Reducing Family Stress

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Reducing family stress is imperative, especially at this time when facts and information seems to come faster and faster; there's much to assimilate and seemingly precious little time to do so.

What Causes Family Stress?

Reducing family stress means first trying to understand what's causing it, and like many issues in life, the answer may encompass many different things. Some possible causes include:

  • Lack of money
  • Unresolved conflict
  • Lack of time

What to Do When Reducing Family Stress

It's a delicate balancing act, but reducing family stress is possible. Trying some of these family suggestions may help:

Dealing with Money Issues

Sometimes the conflict and/or stress is exceedingly clear cut and simple; there's not enough money to go around. Perhaps you long for a family vacation, or are just having trouble finding the money to pay for simple luxuries, like going to the moves or eating out. The solution, while painful, is simple enough: cut out all excess.

This can mean if you smoke, stop. If you enjoy a glass of wine at dinner, switch to water. These are not solutions that most want to hear, but it's the truth, and it will help you find a little extra money. Once you discover where you need to cut back, set a date for your "big" goal.

Each month, contribute the money that you would have spent on these excesses to a family fund, and when the date finally arrives on which you can spend that money, get the family together and do so joyously!

Dealing with Unresolved Conflict

Conflict with a family member, whether recent, or some old grievance, almost always causes stress and tension, and if you happen to live with that person, things can become even more volatile.

  • Immediate family: If you have conflict with an immediate family member, it's best to resolve it as quickly as possible. Sit down with the person you have conflict with, calmly express your point of view, have the person express his/hers, and meet somewhere in the middle. If you care about this person, and he/she cares about you, nine times out of ten, the two of you can hammer out a resolution that is palatable to the both of you.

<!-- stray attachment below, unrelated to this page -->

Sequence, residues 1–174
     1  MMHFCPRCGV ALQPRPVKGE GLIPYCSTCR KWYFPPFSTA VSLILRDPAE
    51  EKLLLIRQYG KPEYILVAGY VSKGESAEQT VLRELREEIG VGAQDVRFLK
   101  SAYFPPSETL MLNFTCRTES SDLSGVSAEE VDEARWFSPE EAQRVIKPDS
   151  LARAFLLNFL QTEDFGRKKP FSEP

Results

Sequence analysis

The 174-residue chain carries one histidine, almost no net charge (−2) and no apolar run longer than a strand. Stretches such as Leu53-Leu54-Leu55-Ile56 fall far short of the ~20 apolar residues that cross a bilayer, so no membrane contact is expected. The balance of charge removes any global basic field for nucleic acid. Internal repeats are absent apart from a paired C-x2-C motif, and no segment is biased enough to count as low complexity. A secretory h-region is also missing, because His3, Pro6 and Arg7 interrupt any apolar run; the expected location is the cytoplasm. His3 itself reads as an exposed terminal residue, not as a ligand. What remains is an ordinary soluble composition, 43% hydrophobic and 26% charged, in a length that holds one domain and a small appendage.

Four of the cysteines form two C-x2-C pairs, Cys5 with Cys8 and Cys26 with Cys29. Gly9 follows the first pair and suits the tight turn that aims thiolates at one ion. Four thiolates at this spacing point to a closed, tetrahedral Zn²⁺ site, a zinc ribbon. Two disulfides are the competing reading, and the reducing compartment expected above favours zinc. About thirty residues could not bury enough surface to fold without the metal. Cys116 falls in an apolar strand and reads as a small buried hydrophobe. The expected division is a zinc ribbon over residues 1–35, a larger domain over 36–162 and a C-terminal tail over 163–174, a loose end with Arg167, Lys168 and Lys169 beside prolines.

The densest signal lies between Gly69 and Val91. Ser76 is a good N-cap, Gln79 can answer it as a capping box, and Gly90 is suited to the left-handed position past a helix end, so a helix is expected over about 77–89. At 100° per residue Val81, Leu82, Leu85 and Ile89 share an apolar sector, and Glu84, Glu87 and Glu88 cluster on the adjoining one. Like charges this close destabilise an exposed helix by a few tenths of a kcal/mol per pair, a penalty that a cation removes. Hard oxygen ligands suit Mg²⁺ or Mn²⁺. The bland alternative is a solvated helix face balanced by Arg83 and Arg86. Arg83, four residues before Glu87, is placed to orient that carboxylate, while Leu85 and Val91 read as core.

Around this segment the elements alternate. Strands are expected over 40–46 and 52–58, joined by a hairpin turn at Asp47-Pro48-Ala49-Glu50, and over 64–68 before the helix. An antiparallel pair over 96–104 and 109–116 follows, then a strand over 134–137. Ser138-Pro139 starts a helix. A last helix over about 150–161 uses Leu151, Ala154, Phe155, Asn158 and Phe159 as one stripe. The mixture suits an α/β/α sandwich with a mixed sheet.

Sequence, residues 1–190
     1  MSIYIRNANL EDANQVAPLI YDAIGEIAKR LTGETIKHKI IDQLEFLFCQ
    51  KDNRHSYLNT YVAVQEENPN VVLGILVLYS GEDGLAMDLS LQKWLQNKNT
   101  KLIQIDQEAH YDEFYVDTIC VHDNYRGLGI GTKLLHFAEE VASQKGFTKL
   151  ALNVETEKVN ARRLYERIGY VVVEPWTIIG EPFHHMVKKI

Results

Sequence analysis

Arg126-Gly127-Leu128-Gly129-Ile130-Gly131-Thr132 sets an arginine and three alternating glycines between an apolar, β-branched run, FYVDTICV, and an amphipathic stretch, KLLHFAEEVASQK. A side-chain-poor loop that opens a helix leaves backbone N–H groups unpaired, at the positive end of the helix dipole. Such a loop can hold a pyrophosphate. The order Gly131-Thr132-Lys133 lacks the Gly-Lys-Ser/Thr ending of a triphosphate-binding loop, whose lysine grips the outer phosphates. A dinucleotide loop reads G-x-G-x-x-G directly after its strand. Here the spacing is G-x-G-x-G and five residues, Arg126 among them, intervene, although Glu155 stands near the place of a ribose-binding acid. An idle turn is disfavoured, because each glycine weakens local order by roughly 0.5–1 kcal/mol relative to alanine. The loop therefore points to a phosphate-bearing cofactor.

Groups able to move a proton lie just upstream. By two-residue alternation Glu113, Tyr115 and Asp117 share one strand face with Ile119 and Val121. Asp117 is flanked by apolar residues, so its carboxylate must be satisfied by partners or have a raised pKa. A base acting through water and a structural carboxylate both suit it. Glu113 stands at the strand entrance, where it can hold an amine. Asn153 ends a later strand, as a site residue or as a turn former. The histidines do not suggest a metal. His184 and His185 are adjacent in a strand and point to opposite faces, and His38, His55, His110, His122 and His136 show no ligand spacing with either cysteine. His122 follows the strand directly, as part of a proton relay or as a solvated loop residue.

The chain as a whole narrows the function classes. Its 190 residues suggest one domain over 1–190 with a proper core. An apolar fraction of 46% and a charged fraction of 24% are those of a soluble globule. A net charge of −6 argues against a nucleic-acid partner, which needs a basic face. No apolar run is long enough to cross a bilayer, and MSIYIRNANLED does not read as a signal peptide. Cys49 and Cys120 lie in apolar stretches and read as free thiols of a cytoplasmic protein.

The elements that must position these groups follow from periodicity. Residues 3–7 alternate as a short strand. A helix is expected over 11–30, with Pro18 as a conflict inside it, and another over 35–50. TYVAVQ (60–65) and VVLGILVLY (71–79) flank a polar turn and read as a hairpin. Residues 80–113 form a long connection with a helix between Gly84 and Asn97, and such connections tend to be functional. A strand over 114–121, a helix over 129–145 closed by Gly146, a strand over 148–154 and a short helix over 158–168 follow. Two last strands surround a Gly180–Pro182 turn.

• Extended family: Conflict with an extended family member has its advantages and disadvantages. On the one hand, you may not have to see him or her that often, so the stress has time to release itself. On the other hand, absence, and the lack of an opportunity to connect, can actually lead to long term grudges.

Decide, once and for all, if you want this person in your life. If yes, set up a time to meet. If no, and if you are truly with peace with it, just let the conflict and the person go.

Troubleshooting Family Conflict

  • Know when to walk away.

If you are dealing with an individual who is belligerent or irrational, not much will be accomplished. Walk away and reschedule another time to meet.

  • Avoid conflict when substance abuse is involved.

If drugs and/or alcohol are involved, wait until those substances have been removed and everyone is clean and sober. Keep in mind that when someone is involved in substance abuse, his/her outlook and judgment is clouded, so whatever resolution you come to, more likely than not, will change once the person is sober.

  • Accept the things you can't change.

Piggybacking off of this sobriety theme, you'll also need to realize when you've hit an impasse. If the individual doesn't want to work with you, you must accept that and come to terms with it. While difficult to accept, this may actually turn out to be a blessing in disguise, so try to see the positive in it.

Dealing with A Lack of Time

Stress comes in all shapes and sizes, and it sometimes comes in the form of time. More specifically, a lack of time. You may love your family, are free of conflict, and have plenty of monetary security, but can't seem to find the time to spend with your loved ones. Combating this stress means finding the time. Here's how:

  • Accept, really accept, that certain chores, must be done. Bills have to be paid, and folks need to go to work. Nothing, at least in the short term, can be done about this, so move through these chores as happily as possible.
  • Set aside family time, but don't get hung up on the weekends. If the weekends work for you, that's fine. If not, then find another day. For example, if Wednesday nights and Sundays are your free days, then use those days to spend with your family.
  • If setting an entire day (or days) to the side for family time is impossible, then do a little each day. This can be simple. Make cooking dinner a family affair and have everyone pitch in and help.

During this time, talk about your day or leave the television on and discuss current events. Engaging with your family members, for even just an hour and a half every day, can lead to increased feelings of warmth and happiness that everyone in your family can appreciate.

Putting It All Together

Reducing family stress is a necessity. Most of us spend a lot of time with our immediate family, and if given the opportunity, would love to spend more. Don't get bogged down in life's details. Instead, gather your family together, tell them your goals, and together, work to create a plan. Use a board, stickers, a calendar, or anything you have so that all of you can come up with plan that works for your family.

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Reducing Family Stress